Hazelcast Jet 0.5: “Pipeline API has been intentionally designed as a fluent Java API, inst…

Vladimir Schreiner

Hazelcast Jet 0.5 was released earlier this month. It includes the first release of Jet’s high-level API, which makes it easy for a developer to set processing parameters and embed Jet directly into an application. We talked with Vladimir Schreiner, Hazelcast Product Manager about the new release, what’s next for Hazelcast Jet and more.

JAXenter: Hazelcast Jet was one of the nominees for this year’s JAX Innovation Awards . Why do you think people like it? Why does it deserve to be one of the most innovative contributions to the Java ecosystem?

Vladimir Schreiner:Simplicity. Jet makes big data processing an application-level concern.

Processing of big data is no longer the sole domain of large infrastructure. Adding one 10MB JAR file is enough to establish an entire computing cluster, capable of processing gigabytes of data every second.

Via a simple and intuitive API, Jet simplifies developers’ ability to design and build applications that consume and process big data in real-time – it is a large boon to the productivity of software developers. Jet is a single library with no dependencies which is therefore easily embedded and deployed, removing the need for multiple systems.

JAXenter: We’ve heard this time and time again but we need the confirmation from you. Is Hazelcast Jet the direct rival of Apache Spark? What does it bring to the table?

Vladimir Schreiner:They overlap, but they are also different.

Spark, with its broad community and modules for machine learning, graph algorithms and SQL, is a significant addition to the large-scale data processing ecosystem. However, bear in mind that Spark has been built from the ground up for batch processing.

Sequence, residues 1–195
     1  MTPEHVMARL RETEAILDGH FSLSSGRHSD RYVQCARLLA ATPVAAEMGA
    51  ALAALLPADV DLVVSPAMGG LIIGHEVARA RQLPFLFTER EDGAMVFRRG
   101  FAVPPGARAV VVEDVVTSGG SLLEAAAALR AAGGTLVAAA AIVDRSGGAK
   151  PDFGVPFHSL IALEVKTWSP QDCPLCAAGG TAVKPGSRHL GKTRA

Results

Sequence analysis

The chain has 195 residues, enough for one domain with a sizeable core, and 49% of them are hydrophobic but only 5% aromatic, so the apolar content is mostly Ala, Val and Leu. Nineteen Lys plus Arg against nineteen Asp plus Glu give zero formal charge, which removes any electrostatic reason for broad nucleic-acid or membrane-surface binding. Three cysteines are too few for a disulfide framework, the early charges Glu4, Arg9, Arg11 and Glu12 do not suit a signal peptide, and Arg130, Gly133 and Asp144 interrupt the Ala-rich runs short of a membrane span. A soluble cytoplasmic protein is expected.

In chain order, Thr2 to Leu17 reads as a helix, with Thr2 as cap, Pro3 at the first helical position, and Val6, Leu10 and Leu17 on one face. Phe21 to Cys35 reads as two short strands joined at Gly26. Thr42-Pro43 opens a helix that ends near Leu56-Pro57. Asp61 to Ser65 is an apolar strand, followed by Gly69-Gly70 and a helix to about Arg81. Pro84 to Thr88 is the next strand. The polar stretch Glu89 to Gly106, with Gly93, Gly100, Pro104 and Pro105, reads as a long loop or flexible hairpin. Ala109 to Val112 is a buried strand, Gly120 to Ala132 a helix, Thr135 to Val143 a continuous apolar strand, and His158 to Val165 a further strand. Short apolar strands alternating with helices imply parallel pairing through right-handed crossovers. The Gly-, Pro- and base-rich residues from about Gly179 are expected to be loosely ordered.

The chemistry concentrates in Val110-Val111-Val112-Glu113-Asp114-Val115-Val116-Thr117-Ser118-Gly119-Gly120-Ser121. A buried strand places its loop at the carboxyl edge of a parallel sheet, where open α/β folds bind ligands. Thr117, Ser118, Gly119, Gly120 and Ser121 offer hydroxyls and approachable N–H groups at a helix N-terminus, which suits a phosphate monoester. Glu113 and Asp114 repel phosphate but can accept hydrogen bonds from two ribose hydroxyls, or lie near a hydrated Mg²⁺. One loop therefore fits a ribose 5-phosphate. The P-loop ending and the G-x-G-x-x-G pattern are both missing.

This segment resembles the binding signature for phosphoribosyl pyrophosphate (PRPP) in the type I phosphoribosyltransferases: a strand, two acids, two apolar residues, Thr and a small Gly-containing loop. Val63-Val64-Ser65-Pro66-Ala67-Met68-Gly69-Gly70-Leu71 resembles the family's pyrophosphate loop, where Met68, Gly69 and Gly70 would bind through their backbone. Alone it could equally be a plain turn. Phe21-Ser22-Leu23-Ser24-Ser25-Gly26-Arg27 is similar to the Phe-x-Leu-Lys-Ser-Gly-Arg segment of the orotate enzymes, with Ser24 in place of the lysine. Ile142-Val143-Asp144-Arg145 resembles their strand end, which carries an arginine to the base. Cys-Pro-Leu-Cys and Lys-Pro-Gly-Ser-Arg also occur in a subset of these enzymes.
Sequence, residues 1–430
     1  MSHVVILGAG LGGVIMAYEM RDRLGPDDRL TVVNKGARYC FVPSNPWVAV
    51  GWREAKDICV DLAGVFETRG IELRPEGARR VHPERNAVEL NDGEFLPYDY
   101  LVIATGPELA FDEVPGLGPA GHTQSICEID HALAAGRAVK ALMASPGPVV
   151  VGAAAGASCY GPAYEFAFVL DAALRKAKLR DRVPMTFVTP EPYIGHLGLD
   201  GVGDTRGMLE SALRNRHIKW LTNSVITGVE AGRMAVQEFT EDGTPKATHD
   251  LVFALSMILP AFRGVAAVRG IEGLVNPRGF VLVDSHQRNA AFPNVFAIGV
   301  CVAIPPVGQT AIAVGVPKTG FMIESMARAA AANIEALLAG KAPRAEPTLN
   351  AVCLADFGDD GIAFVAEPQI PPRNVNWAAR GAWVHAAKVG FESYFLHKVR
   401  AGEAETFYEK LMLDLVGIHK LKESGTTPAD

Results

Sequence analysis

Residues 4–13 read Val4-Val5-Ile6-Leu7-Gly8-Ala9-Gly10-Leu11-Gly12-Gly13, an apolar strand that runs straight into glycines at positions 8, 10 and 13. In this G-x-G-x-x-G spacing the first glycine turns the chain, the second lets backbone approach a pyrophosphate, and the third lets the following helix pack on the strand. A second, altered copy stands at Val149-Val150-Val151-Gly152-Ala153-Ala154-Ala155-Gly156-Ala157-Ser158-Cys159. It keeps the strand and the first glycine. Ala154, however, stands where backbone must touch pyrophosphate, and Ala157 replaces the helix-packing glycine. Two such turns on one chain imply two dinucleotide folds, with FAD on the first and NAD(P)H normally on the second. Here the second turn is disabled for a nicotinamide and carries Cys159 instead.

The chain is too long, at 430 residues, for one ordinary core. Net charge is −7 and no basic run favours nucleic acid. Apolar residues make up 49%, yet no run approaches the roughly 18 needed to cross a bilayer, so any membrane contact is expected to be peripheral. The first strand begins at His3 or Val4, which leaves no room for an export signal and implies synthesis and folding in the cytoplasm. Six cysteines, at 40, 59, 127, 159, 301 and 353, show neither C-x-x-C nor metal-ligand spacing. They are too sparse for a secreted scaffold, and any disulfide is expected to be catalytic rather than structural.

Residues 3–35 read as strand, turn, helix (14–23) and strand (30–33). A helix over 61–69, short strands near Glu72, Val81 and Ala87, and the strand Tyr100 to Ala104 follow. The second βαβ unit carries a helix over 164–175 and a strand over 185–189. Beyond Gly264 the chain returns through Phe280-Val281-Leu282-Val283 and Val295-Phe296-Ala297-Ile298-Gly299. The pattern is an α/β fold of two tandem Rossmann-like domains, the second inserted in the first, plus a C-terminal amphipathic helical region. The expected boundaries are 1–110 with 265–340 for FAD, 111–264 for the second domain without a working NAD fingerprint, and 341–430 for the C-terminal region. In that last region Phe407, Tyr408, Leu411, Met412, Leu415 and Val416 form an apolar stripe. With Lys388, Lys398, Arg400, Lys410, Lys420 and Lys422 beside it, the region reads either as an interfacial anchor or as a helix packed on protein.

Hazelcast Jet is a true stream processing technology with much lower processing latency, a factor of 10x when compared to batch processing, which can process batches in real-time as they are delivered. For near-real-time use-cases, such as online trades, sensor updates in IoT architectures and fraud detection, the ability to process data in milliseconds is crucial. Jet is a library which adheres to a zero-dependency policy, which means it can be embedded into applications to build self-contained data processing microservices. In contrast, Spark relies on Hadoop infrastructure, which makes embedding difficult.

In the future, we will consider doing more integration with Spring, as its ubiquitous and a very popular framework among Java developers.

So, both Jet and Spark can be applicable to general batch and stream processing. Spark covers more specific use-cases via its modules. Jet provides a novel, streaming-first approach which makes it a better fit for streaming and microservices.